What Is a Novel?
This article is a study of Gilles Deleuze's reading of Herman Melville's Bartleby, the Scrivener. In “Section 1 – Bartleby, the Scrivener,” I provide a synopsis of Melville’s story in order to establish common grounding as well as to highlight points which will become of greater significance over the course of the article. In “Section 2 – ’I would prefer not to,’” I explain the effect of Bartleby’s language, or what Deleuze calls his “formula,” pointing to how it is the central clue in the reading of the text and the first step toward understanding Bartleby‘s peculiar nature. In “Section 3 - Ah, Bartleby! Ah, humanity?” I delve further into Bartleby's nature by describing the narrator's growing aggravation and madness in light of Bartleby. Here, I explain how the attorney feels stranded between two forces: those of universal, abstract structure and immanent, material force or what Deleuze calls, secondary and primary nature, respectively. These culminate in “Section 4 - An Ethics of Immanence,” which is an attempt to grapple with the ethical dilemma faced by the narrator in light of this larger issue of different natures. Perhaps the most important question arising from the story is: was there or wasn’t there a way of saving Bartleby?
The formulas of fragrances in the Persian classic literature and their semantic composition ("friend's scent", "Yusuf's scent" and "Uvays' scent ") -"terms" or "devices" of poets - are included in the lexical composition of the Persian language, they were often distinguished in the late medieval dictionaries in special sections. Examples of their use are considered in the article.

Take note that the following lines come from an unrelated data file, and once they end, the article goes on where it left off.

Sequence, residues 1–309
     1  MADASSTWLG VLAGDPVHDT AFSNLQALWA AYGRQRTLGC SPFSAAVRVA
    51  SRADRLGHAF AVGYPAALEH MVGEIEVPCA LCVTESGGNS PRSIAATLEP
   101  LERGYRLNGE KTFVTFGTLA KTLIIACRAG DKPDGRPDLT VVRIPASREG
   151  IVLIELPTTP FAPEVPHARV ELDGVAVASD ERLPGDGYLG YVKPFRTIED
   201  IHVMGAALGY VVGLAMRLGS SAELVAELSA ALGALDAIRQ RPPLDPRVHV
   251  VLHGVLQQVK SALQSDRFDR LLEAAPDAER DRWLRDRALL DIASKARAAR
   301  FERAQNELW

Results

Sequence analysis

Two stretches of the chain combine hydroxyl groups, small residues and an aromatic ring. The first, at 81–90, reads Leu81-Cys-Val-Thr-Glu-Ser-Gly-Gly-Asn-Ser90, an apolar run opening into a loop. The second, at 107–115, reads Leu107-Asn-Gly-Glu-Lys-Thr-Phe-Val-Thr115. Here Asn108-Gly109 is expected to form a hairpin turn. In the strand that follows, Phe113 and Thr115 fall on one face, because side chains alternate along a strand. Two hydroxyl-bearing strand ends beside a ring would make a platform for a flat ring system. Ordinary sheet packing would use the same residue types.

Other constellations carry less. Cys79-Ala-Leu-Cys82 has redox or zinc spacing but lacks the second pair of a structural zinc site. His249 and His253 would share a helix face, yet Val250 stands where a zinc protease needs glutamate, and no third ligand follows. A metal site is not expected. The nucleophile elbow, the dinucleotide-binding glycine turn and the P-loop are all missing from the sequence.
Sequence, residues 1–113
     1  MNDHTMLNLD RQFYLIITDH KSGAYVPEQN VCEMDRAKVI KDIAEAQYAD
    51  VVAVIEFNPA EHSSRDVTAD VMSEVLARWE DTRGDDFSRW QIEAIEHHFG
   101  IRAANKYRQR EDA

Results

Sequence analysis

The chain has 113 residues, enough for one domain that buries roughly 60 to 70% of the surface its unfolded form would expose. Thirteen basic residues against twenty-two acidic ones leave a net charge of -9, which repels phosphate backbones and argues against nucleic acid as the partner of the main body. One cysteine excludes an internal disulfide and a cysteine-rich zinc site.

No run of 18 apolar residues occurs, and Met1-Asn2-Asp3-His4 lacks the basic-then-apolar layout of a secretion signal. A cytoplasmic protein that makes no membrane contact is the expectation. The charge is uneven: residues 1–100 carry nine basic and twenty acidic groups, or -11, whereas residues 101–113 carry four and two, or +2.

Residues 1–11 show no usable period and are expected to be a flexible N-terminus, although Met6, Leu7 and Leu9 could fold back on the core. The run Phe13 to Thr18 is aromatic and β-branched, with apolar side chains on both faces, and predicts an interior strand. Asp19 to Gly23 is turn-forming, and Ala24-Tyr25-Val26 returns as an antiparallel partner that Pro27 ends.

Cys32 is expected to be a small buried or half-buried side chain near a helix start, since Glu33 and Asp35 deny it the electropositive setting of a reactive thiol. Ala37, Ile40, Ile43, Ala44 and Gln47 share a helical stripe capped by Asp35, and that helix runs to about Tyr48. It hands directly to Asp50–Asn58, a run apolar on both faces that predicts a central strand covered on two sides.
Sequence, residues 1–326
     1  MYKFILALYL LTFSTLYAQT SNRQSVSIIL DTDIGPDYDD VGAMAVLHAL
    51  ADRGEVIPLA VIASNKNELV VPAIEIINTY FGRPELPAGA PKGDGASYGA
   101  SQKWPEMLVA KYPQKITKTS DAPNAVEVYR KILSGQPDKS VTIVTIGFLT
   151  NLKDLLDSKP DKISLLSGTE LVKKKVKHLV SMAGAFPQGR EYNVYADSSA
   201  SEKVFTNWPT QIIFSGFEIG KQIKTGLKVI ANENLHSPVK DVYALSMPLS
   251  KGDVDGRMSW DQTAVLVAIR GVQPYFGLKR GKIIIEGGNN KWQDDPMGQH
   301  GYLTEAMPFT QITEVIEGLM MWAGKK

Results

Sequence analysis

In the last ten years or so since the publication of David Damrosch's groundbreaking book What Is World Literature? (2003), one has come to recognize the need to begin to locate the various facets of the currently prevalent Anglo-Saxon discourse of world literature with more conceptual rigour. The first imperative, it seems to me, is to pose the question: where is "world literature" ontologically?2 Some believe it to be an attestable network of texts that, aided especially by the process of globalization, enter into myriad relations—however complex and mediated, but still ultimately demonstrable—that reveal (or sometimes conceal) the hard facts of canon formation, cultural propaganda, ideological indoctrination, the book trade, etc. Others understand world literature above all as a prism through which to analyze literature, a "mode of reading." Sometimes these two beliefs coexist in the same body of work, making it prone to conceptual confusion. A third option, often coexisting with the other two, is to practice "world literature" as an intellectual discourse with clear ideological subtexts, frequently liberal and cosmopolitan. How we actually understand "world literature," as an attestable reality of texts or as a prism—one might even be tempted to add a "unit"—of comparison, in other words, a "mode of reading," is not a metaphysical issue. It has very real implications for the ways in which we approach questions such as how one should try to narrate the history of world literature. In addition to this fundamental differentiation, I also wish to suggest another, more concrete grid that should assist in this effort of locating world literature as a construct. This grid is essentially chronotopic and consists of several vectors. One needs to be aware of at least four major reference points: time, space, language, and, crucially, what one could term self-reflexivity—how literature itself reflects on, and creates images of, "world literature," thus opening up spaces for interrogation and dissent from the currently prevalent notions of world literature. In what follows, I will address these four points in sections of varying length.
The article examines the concept "world literature" and the soviet approaches to it. It order to show a possible new perspective, it offers a new interpretaion of the contribution made by the soviet literary critics.